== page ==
AWS and DevOps – Elastic Beanstalk: Application Lifecycle

In a serie of blog articles I’ll take a closer look at the available CI/CD development tools, serverless architecture and orchestration services (like Elastic Beanstalk and Cloudformation) in AWS. This blog article is about Elastic Beanstalk and the application lifecycle.


AWS cloud platform consists of a large collection of resources and services. When you start building environments in AWS the number of available resources can be overwhelming. From developers perspective this can make it a little discouraging to use AWS resources for their application. In AWS there are several services that take care of the deployment of your AWS infrastructure. What service is most in line with your goal depends on your needs.

When you’re looking for development tools and you already have your environment running in AWS it can be interesting to take a closer look at CodeCommit, CodePipeline and CodeBuild. These services are well integrated with other AWS resources/services.

Serverless services in AWS (Lambda, SQS, API gateway, DynamoDB etc) are intelligently designed and offers great flexibibility and a huge amount of possibilities to enhance your application. AWS provides a seamless integration between their services and resources. Serverless applications don’t require provisioning, maintaining, and administering servers for backend components such as compute, databases, storage, stream processing, message queueing etc. You also no longer need to worry about ensuring application fault tolerance and availability. Instead, AWS handles all of these capabilities for you. When building serverless applications you rely on the serverless services of AWS.

Elastic Beanstalk and Cloudformation are services that take care of the deployment on your behalf. Elastic Beanstalk in particular deploys new applications, while cloudformation orchestrates your infrastructure in AWS. Elastic Beanstalk eventually relies on Cloudformation when it comes down to building and provisioning the infrastructure in AWS.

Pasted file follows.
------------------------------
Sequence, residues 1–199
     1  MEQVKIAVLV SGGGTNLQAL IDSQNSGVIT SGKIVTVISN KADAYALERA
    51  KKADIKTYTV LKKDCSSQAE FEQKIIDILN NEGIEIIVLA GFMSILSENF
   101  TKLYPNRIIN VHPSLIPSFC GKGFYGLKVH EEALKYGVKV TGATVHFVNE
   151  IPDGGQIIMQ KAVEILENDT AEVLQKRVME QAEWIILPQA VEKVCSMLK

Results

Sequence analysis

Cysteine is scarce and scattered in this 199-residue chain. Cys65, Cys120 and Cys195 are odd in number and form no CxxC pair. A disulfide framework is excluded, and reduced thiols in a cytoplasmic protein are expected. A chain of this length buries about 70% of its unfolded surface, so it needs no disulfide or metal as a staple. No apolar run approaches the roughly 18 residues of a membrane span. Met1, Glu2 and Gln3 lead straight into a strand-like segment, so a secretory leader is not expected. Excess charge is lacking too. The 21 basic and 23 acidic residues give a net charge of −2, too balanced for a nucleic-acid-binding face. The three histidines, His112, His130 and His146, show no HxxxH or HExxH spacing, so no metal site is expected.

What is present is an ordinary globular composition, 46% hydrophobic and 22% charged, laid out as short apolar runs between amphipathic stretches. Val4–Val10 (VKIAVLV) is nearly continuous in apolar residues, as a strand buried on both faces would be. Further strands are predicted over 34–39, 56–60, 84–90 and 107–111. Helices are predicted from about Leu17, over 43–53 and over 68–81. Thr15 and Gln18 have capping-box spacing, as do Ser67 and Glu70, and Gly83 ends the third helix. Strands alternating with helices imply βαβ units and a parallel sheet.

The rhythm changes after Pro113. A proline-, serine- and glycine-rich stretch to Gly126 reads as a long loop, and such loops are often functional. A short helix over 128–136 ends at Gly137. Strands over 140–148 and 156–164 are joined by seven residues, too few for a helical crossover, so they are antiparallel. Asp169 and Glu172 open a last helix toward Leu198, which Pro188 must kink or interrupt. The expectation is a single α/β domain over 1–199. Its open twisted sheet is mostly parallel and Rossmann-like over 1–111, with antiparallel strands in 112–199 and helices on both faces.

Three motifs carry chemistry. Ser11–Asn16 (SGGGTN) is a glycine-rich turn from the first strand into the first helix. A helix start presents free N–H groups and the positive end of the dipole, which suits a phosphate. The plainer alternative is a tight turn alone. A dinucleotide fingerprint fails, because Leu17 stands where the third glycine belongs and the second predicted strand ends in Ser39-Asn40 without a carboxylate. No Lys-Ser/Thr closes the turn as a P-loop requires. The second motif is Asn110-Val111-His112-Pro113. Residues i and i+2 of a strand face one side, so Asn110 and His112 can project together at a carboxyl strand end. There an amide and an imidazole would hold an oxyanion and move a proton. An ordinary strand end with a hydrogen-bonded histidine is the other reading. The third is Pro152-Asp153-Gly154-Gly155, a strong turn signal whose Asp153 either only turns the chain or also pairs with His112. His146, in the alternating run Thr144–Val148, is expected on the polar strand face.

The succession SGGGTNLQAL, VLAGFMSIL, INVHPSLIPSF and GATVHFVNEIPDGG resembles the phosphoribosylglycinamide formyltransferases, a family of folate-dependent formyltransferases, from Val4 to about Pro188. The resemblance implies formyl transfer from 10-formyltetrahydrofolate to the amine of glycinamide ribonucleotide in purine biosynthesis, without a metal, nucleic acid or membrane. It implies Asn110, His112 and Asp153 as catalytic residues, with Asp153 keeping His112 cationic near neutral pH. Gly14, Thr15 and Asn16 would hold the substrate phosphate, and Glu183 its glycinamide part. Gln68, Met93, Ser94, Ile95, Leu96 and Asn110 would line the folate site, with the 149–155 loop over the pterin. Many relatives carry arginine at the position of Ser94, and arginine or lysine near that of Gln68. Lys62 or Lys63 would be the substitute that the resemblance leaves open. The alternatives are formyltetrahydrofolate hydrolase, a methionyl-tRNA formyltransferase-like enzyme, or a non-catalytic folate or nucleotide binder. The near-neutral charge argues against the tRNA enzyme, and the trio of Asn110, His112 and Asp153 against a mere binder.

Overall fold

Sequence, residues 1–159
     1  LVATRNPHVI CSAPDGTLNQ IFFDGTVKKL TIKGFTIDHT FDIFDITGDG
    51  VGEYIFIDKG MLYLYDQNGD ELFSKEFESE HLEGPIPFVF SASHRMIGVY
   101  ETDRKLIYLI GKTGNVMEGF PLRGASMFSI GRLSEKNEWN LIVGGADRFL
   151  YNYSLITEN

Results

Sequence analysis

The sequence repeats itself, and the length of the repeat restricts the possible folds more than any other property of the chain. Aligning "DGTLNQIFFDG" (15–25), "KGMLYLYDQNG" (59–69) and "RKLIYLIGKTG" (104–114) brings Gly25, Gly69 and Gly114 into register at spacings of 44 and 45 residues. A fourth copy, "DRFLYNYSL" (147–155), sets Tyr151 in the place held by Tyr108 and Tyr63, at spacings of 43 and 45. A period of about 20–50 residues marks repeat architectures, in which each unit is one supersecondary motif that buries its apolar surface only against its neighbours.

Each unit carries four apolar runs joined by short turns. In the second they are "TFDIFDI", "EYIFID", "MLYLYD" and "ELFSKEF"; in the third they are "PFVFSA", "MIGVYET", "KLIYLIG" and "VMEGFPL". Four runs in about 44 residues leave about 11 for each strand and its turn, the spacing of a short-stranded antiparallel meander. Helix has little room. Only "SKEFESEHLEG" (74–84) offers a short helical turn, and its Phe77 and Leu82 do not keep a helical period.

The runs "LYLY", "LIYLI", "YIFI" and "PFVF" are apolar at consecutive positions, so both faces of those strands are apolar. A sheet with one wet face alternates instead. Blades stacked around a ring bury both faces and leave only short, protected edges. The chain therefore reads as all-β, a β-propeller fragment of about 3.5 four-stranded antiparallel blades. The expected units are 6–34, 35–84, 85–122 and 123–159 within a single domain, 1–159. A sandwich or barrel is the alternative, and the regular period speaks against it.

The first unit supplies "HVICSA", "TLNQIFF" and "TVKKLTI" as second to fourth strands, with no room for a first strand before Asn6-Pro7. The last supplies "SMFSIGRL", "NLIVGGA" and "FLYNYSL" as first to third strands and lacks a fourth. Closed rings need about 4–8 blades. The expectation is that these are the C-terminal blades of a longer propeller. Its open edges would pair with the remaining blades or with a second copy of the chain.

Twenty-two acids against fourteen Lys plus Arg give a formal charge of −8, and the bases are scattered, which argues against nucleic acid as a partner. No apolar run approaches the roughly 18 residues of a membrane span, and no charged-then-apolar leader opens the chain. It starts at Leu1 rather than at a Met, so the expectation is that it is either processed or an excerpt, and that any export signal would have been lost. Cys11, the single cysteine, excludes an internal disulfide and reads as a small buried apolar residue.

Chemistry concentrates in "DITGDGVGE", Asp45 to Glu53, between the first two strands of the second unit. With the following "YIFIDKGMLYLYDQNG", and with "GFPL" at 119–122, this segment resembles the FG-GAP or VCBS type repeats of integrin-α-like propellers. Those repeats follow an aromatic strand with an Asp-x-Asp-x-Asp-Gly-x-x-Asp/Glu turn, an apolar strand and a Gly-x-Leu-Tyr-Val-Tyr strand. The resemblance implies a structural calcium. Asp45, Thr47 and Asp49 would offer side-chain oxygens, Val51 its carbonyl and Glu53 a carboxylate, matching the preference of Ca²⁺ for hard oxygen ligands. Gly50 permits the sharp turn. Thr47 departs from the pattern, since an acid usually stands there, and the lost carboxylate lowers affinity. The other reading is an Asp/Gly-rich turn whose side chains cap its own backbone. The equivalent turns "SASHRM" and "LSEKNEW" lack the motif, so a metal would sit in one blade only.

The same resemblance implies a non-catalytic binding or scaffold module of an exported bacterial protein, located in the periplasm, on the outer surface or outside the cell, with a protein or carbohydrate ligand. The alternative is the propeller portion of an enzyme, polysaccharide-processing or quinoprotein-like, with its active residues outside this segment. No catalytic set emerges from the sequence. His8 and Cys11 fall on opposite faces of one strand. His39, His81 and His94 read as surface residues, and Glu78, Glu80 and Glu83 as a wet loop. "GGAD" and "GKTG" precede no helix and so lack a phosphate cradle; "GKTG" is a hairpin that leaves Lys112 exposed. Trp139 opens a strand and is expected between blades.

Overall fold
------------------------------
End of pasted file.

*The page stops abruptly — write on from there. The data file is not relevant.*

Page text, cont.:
Elastic BeanstalkElastic Beanstalk

Elastic BeanStalk is an orchestration service that provides a layer of abstraction between the AWS resources and the application. When you have a web application written in PHP, Elastic BeanStalk can be used to run your code, automatically provision your EC2 instances, load balancers and auto scaling configuration. As a developer you don’t have to understand what kind of AWS resources you need and how it’s configured, to run your application in AWS. Elastic BeanStalk will do that for you. You only need to know what capacity is needed and some basic knowledge of what kind of architecture is required to run your code.

So Elastic beanstalk is basically a rapid application deployment service. You write the code and AWS will run it for you on the platform of your choice. It supports applications written in several languages like Java, .Net, Go, Python,Node.js, Docker, Tomcat, PHP and Ruby. For each application that you are going to create, you have different options available. This is handled by the platform configuration that is part of your creation of the application.

Application Lifecycle

To deploy an application on Elastic Beanstalk it follows a lifecycle. After you’ve created an application, you must upload that as a bundle, and provide information about the application to Elastic Beanstalk. Elastic beanstalk will then launch that environment (through Cloudformation), and it will create and configure all of the resources that you specify in order to execute the application that you have created. After it’s launched you can manage your environment and you can deploy new versions.

Application lifecycle

Create the application, upload, launch and manage it, and then follow the cycle process as you iterate over the evolution of your application.

Next time I’ll go into more detail about the platform configuration in Elastic Beanstalk.

Vincent LamersVincent Lamers, Linux-consultant @ AT Computing

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